Road Traffic Accident while Driving Abroad Claims
Road Traffic Accidents Abroad
Irrespective of where a road traffic accident takes place, the outcome can be traumatic and leave those involved with minor to severe injuries or life-lasting conditions. If you are abroad, be it for business or pleasure, and a road accident occurs while driving, it can be difficult to know what to do.
Driving abroad has become more popular, with people using their own vehicle to enable the time spent abroad to be more enjoyable, comfortable and a lot cheaper; removing the need to organise and pay for tours or excursions. With different rules on the road abroad, such as driving on the opposite side or driving in a new, unfamiliar environment, the risk of having a road accident abroad increases.
If you have been involved in a road traffic accident abroad through no fault of your own, a personal injury lawyer may be able to help you claim for compensation. If you were successful in this, it could help pay towards a variety of expenses that have incurred as a result of your accident or injury, such as medical care, rehabilitation or a replacement car.
If the accident took place abroad, it is important to note that claim regulations differ in each country and the language barrier creates communication issues, adding to the already stressful scenario. Therefore, it is important to be aware of what to do if you should be or have been involved in a road traffic accident abroad.
What should I do if I’ve been involved in a road traffic accident abroad?
- No different from the UK, if an accident were to happen overseas, one of the first things you should do is to contact the police. The law in the majority of countries is usually that the police must be contacted straight away and must be present at the scene of the accident.
- Medical attention must be pursued immediately.
- Try to take photos of the scene and your injuries as evidence to strengthen your case, and record as many details of the accident as you can.
- If you are involved in an accident, you must not admit liability or sign any documents you are given and don’t understand.
- If you were handed any documents inside the EU, the only thing you should be signing is the European Accident Statement, otherwise known as ‘Constat Amiable’. This is a way of recording and ensuring that the people involved in the accident have provided their details and any other necessary information. It is also there to provide proof of agreement on how the road traffic accident happened.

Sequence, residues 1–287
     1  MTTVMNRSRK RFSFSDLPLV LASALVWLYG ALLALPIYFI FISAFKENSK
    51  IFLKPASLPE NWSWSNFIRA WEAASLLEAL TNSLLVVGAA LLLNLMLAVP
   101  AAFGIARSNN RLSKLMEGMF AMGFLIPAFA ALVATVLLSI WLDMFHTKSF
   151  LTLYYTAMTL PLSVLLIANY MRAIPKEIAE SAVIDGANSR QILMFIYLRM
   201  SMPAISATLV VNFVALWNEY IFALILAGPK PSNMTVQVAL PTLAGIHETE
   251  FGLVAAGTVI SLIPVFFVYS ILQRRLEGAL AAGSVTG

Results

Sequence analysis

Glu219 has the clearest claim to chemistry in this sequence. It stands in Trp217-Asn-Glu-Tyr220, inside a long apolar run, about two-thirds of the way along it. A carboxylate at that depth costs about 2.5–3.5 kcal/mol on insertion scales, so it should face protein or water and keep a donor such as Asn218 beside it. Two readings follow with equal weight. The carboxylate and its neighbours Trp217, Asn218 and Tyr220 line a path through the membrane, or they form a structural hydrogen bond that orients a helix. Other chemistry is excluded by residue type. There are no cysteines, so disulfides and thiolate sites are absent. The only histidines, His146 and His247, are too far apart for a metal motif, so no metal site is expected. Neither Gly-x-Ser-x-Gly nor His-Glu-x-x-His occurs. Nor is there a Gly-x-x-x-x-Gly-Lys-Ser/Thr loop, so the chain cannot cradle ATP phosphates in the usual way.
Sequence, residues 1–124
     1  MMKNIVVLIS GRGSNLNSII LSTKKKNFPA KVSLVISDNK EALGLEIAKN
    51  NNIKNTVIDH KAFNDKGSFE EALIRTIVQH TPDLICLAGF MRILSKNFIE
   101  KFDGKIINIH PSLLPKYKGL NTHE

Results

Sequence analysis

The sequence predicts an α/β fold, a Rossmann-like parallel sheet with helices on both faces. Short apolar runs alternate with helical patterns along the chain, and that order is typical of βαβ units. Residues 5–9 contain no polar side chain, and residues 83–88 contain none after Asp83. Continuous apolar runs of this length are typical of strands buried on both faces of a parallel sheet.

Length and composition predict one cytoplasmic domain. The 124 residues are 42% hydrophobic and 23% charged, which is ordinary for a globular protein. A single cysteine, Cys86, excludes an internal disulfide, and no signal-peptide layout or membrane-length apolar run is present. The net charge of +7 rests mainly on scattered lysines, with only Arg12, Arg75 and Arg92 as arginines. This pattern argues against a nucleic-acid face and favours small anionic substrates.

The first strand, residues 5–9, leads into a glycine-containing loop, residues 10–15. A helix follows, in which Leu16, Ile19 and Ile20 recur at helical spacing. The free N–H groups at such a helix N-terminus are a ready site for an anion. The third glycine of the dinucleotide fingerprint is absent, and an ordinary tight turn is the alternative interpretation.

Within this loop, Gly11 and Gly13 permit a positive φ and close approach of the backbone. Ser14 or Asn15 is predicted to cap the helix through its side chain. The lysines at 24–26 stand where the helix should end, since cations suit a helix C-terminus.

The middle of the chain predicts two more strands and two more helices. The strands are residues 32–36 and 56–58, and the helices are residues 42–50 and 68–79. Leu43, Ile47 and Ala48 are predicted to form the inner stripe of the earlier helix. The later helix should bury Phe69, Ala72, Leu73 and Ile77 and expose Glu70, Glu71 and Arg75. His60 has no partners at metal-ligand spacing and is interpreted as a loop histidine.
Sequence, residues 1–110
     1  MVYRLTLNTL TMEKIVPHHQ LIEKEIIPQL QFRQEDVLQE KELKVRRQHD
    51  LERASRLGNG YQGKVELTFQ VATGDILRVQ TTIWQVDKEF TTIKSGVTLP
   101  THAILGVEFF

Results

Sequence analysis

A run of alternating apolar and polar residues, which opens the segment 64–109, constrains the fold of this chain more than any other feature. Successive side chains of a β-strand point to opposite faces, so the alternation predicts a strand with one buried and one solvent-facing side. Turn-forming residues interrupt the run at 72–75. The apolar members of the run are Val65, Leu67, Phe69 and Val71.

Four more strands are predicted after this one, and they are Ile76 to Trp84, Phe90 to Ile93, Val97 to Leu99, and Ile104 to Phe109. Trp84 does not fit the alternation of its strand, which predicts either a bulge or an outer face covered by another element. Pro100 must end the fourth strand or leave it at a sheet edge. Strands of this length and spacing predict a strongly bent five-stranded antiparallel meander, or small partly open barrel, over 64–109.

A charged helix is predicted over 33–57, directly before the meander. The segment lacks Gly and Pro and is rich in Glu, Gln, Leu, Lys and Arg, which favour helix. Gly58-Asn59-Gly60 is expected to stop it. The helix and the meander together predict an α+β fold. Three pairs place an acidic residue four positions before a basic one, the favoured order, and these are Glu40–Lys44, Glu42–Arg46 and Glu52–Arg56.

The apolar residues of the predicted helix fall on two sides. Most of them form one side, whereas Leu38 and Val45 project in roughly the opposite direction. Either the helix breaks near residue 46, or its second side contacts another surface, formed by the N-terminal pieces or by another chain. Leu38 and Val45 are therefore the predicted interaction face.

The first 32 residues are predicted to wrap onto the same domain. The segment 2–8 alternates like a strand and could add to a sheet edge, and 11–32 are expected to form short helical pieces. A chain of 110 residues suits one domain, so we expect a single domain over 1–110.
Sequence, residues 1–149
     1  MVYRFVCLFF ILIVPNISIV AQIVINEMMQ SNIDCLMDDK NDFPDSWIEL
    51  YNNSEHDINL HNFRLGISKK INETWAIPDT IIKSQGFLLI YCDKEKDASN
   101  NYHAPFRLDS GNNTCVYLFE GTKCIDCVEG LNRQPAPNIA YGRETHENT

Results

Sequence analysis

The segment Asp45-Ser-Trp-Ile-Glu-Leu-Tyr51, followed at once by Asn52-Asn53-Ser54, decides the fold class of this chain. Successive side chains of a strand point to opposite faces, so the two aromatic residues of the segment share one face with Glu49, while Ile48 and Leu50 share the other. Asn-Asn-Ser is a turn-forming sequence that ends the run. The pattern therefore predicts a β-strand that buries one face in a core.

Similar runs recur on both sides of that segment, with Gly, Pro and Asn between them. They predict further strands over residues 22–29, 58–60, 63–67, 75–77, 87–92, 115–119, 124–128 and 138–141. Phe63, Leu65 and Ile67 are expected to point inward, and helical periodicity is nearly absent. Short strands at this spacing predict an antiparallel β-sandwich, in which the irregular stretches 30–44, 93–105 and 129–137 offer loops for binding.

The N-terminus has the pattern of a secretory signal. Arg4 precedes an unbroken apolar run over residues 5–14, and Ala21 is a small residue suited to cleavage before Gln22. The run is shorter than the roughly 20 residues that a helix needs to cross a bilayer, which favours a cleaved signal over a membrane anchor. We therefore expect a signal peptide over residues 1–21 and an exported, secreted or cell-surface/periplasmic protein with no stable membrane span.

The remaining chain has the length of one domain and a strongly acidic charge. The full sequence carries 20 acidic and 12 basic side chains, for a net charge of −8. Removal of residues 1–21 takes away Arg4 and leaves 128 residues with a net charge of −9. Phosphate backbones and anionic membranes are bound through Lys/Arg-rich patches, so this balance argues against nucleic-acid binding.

- You will need to provide your driving license, the registration document of the vehicle you were driving and your insurance certificate, or in some cases your ‘green card’. If you have these, then make sure they are on you at all times when driving abroad.
- Contact the information centre set up by the Motor Insurance Directives nearest to where you are abroad. The people there will be able to help you with insurance details belonging to the other party involved in the road traffic accident.
What if the accident happened outside the EU?
If your accident has taken place in a country not belonging to the European Union, the Motor Insurance Directives are not applicable when an accident happens.
You are, however, still entitled to make a claim for compensation against the driver who was negligent. It is important to contact your insurance company before you go abroad, so that they can inform you of the regulations and arrangements they have in the country you are visiting.
Making a claim for a non-fault road traffic accident abroad
If you have experienced a road traffic accident abroad that was due to somebody else’s negligence, then you should contact the right people to advise you on what to do and provide you with a good personal injury lawyer. They will then help you collate all the required documentation to prove your case.
After providing all the necessary information and evidence, your claim with a personal injury solicitor should be submitted. It must be finalised and dealt with within 3 months of processing the claim, otherwise it should incur extra compensation if you have experienced a delay.
Even if time has gone by since the accident and you feel that it is too late, it is still worth getting in touch and seeking advice.
Accident Line Direct
If you have been injured in a road traffic accident as a result of a negligent driver in a foreign country, contact Accident Line Direct for free to receive helpful advice and expert knowledge on what you should do.
We are aware that there is a lot to take in and we can appreciate that what you may have been through is unacceptable. Call us today and our dedicated team will help to determine whether or not you have a claim, provide you with step-by-step guidance and help in getting a personal injury solicitor to work in proving your case.
We also work on a No Win No Fee basis, meaning that you will not incur any fees, unless your case was 100% successful in receiving compensation.